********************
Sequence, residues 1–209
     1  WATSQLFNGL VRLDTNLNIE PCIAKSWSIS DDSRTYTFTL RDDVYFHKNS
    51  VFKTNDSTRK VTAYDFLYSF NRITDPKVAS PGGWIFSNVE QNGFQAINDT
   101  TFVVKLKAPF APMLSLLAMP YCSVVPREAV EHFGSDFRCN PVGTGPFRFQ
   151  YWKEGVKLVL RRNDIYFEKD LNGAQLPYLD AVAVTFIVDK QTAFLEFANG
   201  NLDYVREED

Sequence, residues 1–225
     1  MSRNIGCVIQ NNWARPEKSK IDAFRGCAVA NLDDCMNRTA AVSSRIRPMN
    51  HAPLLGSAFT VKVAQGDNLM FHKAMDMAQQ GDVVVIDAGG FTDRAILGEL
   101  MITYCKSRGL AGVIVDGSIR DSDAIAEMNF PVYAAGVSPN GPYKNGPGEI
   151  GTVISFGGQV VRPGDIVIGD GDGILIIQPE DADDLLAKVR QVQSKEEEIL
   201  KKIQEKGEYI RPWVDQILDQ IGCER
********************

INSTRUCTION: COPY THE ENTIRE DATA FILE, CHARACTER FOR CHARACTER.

Sequence, residues 1–209
     1  WATSQLFNGL VRLDTNLNIE PCIAKSWSIS DDSRTYTFTL RDDVYFHKNS
    51  VFKTNDSTRK VTAYDFLYSF NRITDPKVAS PGGWIFSNVE QNGFQAINDT
   101  TFVVKLKAPF APMLSLLAMP YCSVVPREAV EHFGSDFRCN PVGTGPFRFQ
   151  YWKEGVKLVL RRNDIYFEKD LNGAQLPYLD AVAVTFIVDK QTAFLEFANG
   201  NLDYVREED

Sequence, residues 1–225
     1  MSRNIGCVIQ NNWARPEKSK IDAFRGCAVA NLDDCMNRTA AVSSRIRPMN
    51  HAPLLGSAFT VKVAQGDNLM FHKAMDMAQQ GDVVVIDAGG FTDRAILGEL
   101  MITYCKSRGL AGVIVDGSIR DSDAIAEMNF PVYAAGVSPN GPYKNGPGEI
   151  GTVISFGGQV VRPGDIVIGD GDGILIIQPE DADDLLAKVR QVQSKEEEIL
   201  KKIQEKGEYI RPWVDQILDQ IGCER